Wednesday, November 9, 2016

Alan Turing's Poisoned Apple

I recently watched The Imitation Game on Netflix, which is a really interesting look at the story of Alan Turing and the team that cracked the Nazi enigma code during World War II. I enjoyed the movie, and although parts of it were historically inaccurate, I actually thought it was relatively accurate for a Hollywood movie (more of the relationship between him and Keira Knightly's character was true than I assumed, for example). I don't mind when a historical account has some inaccuracies if it inspires me to look into a topic I never would have before.
So while I was checking out Wikipedia to read up on the real Alan Turing, I found this interesting but tragic possible connection to fairy tales. Turing was found dead just before his 42nd birthday and there is debate as to whether or not it was suicide. It could have been an accidental result of his experiments that involved cyanide, but some have come up with a more dramatic theory based on the half eaten apple that was found by his bed.

"Andrew Hodges and another biographer, David Leavitt, have both suggested that Turing was re-enacting a scene from the Walt Disney film Snow White and the Seven Dwarfs (1937), his favourite fairy tale, both noting that (in Leavitt's words) he took "an especially keen pleasure in the scene where the Wicked Queen immerses her apple in the poisonous brew.""

The movie hints that the death was suicide caused by the humiliation and stigma associated with being homosexual at the time (he was convicted of "gross indecency" and took hormone pills as part of his "therapy"). Either way, it was a tragic event and a great loss. Although I hate to think of fairy tales being acted out for such a sad purpose (if that is really what happened), I do like the fact that this brilliant man not only loved the fairy tale Snow White, but really enjoyed the Disney cartoon. It shows how powerful an influence the early Disney films were, and of course fairy tale imagery in general (can you imagine a current brilliant mathematician admitting to loving a certain scene from Frozen or something?)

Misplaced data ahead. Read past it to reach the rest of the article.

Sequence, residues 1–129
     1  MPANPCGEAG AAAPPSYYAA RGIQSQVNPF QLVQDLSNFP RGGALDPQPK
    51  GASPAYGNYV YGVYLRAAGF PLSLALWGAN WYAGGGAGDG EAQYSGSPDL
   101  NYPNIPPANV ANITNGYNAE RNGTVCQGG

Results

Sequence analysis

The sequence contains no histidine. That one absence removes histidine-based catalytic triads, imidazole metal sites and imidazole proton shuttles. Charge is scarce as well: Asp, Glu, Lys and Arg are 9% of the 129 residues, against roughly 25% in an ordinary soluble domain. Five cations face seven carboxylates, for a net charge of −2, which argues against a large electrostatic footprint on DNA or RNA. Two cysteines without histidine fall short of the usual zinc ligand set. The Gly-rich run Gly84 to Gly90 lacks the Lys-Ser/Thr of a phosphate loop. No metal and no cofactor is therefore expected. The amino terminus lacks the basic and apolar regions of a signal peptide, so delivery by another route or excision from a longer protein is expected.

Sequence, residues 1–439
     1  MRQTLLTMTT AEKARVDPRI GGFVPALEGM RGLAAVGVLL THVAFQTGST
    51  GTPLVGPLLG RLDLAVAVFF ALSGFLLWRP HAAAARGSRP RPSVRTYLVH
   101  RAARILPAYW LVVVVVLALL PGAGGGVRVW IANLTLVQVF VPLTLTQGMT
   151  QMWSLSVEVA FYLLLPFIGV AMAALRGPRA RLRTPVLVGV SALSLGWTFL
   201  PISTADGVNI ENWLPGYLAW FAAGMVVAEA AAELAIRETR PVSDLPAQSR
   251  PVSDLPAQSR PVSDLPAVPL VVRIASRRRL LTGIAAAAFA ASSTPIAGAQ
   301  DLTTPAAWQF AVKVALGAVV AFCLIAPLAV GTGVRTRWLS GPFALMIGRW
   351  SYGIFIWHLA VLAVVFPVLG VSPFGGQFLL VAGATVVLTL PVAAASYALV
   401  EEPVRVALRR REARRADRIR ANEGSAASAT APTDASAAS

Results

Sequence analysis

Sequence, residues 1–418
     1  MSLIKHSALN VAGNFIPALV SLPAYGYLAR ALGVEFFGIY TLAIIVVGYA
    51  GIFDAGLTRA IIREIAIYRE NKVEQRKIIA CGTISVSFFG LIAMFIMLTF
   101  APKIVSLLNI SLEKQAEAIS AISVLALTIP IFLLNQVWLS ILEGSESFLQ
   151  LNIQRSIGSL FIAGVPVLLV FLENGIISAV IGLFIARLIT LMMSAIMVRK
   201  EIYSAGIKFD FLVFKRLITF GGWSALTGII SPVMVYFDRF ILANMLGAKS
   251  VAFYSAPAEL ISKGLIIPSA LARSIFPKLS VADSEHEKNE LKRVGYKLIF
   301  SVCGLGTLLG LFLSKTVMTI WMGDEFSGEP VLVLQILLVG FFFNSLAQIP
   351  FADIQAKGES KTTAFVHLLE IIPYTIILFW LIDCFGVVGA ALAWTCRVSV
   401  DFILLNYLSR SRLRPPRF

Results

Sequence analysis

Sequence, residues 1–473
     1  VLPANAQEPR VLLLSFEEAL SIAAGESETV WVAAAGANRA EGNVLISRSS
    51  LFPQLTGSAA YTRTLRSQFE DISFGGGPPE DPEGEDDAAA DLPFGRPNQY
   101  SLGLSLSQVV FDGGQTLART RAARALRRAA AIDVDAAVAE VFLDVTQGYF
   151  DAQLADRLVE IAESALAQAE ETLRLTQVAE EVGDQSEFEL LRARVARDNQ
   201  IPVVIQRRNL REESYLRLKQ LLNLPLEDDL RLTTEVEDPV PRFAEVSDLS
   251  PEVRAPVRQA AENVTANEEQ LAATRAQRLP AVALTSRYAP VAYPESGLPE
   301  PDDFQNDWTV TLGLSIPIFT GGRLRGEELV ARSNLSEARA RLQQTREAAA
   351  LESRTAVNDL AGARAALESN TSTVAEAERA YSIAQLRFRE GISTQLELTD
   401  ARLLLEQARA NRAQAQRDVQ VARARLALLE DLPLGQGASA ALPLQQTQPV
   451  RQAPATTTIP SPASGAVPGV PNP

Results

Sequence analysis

1. The Imitation Game definitely is a biopic, i.e. a movie that will try to make its protagonist look a bit better than he was in real life and make the events a bit more dramatic, but it is a really good one. I can reccomend it to everyone even if you don't like period pieces or computers. Don't let the trailer turn you off: The movie i a bit Hollywood-ish, but not nearly as much as the trailer makes it seem. I can also reccomend the play Breaking the Code, which offers a diffeerent (though not more historically accurate) view on Alan Turing. However unlike The Imitation Game it is a bit harder to get into, so I'd say only watch it if you're interested in the subject matter.

    It should be noted that linking the apple to Snow White is pure speculation, Turing left no suicide note, so we cannot be sure what his reasoning for picking this method of suicide - if it was a suicide - was. But whether he really choseto kill himself by eating a poison apple because he was "inspired" by Snow White or whether that was merely an interpretation by his biographers, the fame of this hypothesis shows that the image of the poisoned apple is a popular and powerful one. Some even believe that the Apple logo was inspired by Alan Turing - though that is not true. I find it fascinating how folklore keeps transforming and takes on entirely new connotations. Alan Turing was an important scientist, but that is not what he is rembered for. He is rembered for being discriminated and prosecuted because of his homosexuality and for his death, which in the public eye is linked to it (the theory that his death could have been accidental is largely unknown). And the poison apple plays a great part in that. Because it is a a sad image we already know (and fear ?) since our childhood and therefore can be easily linked to another person that was persecuted for being different.

    However it is a double edged sword, because it keeps Alan Turing in the public conscience, but not because of his achievements or as an individual, but as a symbol for the consequences of discrimination that can be utilized for many political agendas. It is great that we live in a time where a homsexual scientist can be publicly renowned. But Alan Turing should not be reduced to his homosexuality, nor should we forget when we tell his story that he was a real person, not a fairy tale like Snow White.

    1. I tried to make it clear in the post that the poisoned apple/Snow White angle was just a theory, hopefully that came across! But it is very telling that biographers would jump from "he had poison in him and there was a partial apple in the room" to "he was probably acting out Snow White," because as you say, there's no way of knowing.